Ballycastle girl’s organ donation call

Lucai with her Transplant Games medals and trophy. INBM51-15 S
Lucai with her Transplant Games medals and trophy. INBM51-15 S

A 16-year-old Ballycastle girl who has had three liver transplants is campaigning to get organ donation on the school curriculum.

Lucia Mee was speaking after an event at Stormont on Tuesday aimed at encouraging people to talk openly about the issue in a bid to boost the number of organs donated and save more lives.

Lucia has spoken extensively about the subject at her school Cross and Passion College but wants the message to go further.

She added: “I think it should be part of the curriculum in subjects like RE or biology or citizenship. My school’s been really supportive and I’ve spoken at assembly about organ donation. But it’s not the easiest subject for people to talk about, so if it was talked about at school it might help change that and that could make a real difference to people’s lives.

“When you talk to donor families, they say it was easier to decide to donate when they’d talked about it with loved ones before hand.”

Before her third transplant earlier this year, Lucia set up a ‘Live Loudly Donate Proudly’ Facebook page in a bid to urge people to become organ donors, and to discuss it with family members. Lucia has not let her condition, brought on by autoimmune hepatitis when she was eight, hold her back and has won plenty of medals at the Transplant Games.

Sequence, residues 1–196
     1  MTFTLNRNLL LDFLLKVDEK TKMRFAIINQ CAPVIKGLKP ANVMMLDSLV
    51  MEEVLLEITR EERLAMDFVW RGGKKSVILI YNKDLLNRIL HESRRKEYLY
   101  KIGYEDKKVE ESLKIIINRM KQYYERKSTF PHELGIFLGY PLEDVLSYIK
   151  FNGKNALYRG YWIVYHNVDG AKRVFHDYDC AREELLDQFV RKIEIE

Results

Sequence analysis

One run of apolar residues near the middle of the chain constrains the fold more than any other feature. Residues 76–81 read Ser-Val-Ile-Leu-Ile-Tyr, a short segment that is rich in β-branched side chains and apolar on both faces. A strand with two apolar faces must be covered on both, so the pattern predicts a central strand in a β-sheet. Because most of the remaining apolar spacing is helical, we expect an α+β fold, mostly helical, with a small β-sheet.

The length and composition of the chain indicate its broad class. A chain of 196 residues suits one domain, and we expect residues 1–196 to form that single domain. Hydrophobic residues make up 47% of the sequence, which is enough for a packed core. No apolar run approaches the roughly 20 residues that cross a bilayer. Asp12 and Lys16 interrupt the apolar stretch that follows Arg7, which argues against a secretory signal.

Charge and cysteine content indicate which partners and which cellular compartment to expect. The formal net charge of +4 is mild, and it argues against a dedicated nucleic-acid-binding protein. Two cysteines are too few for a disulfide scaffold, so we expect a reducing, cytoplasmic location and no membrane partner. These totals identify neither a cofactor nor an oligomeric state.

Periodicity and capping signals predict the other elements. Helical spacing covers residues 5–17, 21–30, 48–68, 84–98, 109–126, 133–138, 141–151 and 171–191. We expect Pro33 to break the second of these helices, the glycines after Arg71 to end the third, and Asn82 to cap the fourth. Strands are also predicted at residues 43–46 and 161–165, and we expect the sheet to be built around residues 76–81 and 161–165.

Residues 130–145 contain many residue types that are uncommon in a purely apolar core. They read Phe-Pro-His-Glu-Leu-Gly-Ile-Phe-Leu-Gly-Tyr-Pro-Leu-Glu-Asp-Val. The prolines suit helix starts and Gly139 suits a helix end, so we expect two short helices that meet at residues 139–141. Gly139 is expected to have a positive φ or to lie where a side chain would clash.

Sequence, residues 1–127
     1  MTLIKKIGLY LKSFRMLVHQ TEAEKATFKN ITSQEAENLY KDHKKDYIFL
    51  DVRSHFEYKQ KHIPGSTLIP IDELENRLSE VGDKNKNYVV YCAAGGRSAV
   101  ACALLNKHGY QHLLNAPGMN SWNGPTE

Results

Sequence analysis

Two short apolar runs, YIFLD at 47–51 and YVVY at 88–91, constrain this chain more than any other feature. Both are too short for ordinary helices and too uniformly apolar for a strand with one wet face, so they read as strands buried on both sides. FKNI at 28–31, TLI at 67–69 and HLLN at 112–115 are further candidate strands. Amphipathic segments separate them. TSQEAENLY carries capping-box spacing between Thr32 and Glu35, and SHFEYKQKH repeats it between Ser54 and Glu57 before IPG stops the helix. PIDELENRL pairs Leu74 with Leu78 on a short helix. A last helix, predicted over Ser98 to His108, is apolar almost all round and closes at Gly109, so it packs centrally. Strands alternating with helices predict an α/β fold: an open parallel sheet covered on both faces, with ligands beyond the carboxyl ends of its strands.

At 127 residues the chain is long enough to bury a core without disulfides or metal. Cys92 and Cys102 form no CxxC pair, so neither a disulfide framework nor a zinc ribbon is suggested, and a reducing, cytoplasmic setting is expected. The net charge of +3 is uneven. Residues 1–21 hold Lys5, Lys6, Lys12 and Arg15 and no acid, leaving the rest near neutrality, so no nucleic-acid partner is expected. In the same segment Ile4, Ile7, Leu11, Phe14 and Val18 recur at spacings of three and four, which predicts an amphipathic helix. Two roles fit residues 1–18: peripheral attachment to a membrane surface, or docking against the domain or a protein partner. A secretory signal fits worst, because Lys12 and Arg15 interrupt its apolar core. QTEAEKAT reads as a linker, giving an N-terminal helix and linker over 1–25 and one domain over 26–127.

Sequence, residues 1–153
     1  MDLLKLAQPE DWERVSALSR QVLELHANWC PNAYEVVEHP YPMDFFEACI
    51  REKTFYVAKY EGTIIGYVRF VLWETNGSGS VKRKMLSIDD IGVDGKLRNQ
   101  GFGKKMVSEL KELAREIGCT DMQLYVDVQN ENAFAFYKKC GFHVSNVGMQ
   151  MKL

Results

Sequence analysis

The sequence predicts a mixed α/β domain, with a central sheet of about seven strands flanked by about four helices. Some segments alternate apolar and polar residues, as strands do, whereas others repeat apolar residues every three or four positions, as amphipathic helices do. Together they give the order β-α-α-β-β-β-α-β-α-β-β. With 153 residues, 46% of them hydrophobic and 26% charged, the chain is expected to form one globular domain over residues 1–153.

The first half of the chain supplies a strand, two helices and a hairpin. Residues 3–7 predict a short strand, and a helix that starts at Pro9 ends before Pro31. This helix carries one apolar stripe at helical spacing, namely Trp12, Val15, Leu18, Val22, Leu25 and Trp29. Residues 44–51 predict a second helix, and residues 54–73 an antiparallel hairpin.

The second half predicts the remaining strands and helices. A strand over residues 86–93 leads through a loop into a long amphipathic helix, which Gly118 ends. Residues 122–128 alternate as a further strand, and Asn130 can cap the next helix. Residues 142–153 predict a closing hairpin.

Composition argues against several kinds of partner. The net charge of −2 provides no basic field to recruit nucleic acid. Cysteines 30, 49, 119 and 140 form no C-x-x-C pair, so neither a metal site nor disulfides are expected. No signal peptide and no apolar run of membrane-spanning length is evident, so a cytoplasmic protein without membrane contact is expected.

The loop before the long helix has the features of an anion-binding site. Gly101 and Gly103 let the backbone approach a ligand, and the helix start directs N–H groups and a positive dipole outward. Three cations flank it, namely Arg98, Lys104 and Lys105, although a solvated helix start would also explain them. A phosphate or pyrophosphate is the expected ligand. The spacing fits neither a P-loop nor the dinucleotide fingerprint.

An organ donation campaign was launched recently at Stormont to encourage families throughout Northern Ireland to sit down with their loved ones on December 11 and discuss their wishes on organ donation.

Campaigners say 84 per cent of people in Northern Ireland support organ donation, but statistics show that 40 per cent of families here do not consent to the donation of their loved one’s organs, when faced with the choice. This compares to a family refusal rate of only two per cent in Belgium, the leading organ donation rate country in the world.

The push to get people to talk about organ donation is, campaigners say, because while seventy eight percent of people agreed in a recent survey that it is important to discuss their donation wishes with their family and/or friends, a common reason for families refusing to give consent is that the potential donor’s family was not aware of their loved one’s wishes.

Speaking about this year’s family discussion day Shane Finnegan, Co- Chair of the Opt for Life group said family consent is a “key element in the organ donation process”.

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